Thermal energy storage has the potential to be an important enabler of increased renewables penetration, IRENA says in a new report.
Thermal energy storage comprised of heating or cooling as a storage medium is tested and deployed in a wide variety of applications. But key barriers remain limiting its uptake across energy systems, the organisation says.
Approximately 234GWh of thermal energy storage is deployed globally. To meet the Paris Agreement targets, the capacity should increase more than three-fold to reach at least 800GWh by 2030.
The outlook report on thermal energy storage evaluates the role of the technology and offers policy recommendations to accelerate its uptake.
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Thermal energy storage offers a wide choice of technologies ranging from molten salt and other solid and liquid mediums to compressed and liquid air.
Of these molten salt is currently the most used in the power sector, due to its advanced technological readiness and its application with concentrated solar power (CSP) plants. Molten salt storage capacity of over 21GWh is currently installed worldwide.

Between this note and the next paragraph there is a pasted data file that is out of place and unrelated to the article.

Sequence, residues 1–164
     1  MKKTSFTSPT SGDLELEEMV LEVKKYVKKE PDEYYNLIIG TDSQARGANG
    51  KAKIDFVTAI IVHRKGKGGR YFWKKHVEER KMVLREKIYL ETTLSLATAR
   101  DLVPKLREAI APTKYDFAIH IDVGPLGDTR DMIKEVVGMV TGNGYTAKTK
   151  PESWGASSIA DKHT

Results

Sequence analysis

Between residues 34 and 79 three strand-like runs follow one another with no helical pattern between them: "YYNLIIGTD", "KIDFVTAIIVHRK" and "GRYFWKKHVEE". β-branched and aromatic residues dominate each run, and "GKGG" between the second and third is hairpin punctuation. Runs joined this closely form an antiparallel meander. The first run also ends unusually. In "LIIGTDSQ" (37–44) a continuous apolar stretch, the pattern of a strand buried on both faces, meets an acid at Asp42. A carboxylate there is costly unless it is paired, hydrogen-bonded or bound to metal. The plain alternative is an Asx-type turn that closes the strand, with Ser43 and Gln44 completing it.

In IRENA’s Paris Agreement-aligned energy scenario, with more ambitious renewable energy growth than current trends, additional CSP capacity of 56GW would be needed by 2030. This in turn would deliver between 491GWh and 631GWh of molten salt storage, with cumulative investment between $12.3 billion and $24.4 billion, depending on the CSP technology used.
Thermal storage benefits
The report notes a key benefit of thermal energy storage as helping to decouple heating and cooling demand from the immediate power generation and supply availability. Thus the resulting flexibility allows far greater reliance on variable renewable sources, such as solar
and wind power.
Used in district heating or cooling systems, thermal energy storage can enable energy to be stored on a seasonal basis.
To meet the expected cooling demand the global thermal energy storage for cooling needs to double by 2030, the report says.
Key barriers to thermal energy storage identified include lack of technology readiness and lack of knowledge of the benefits.
Investments to drive technological development and measures to enhance market pull are required, says IRENA. Combined with a holistic energy policy aimed at scaling up renewables and decarbonising energy use, these can unlock rapid growth in thermal energy storage deployment.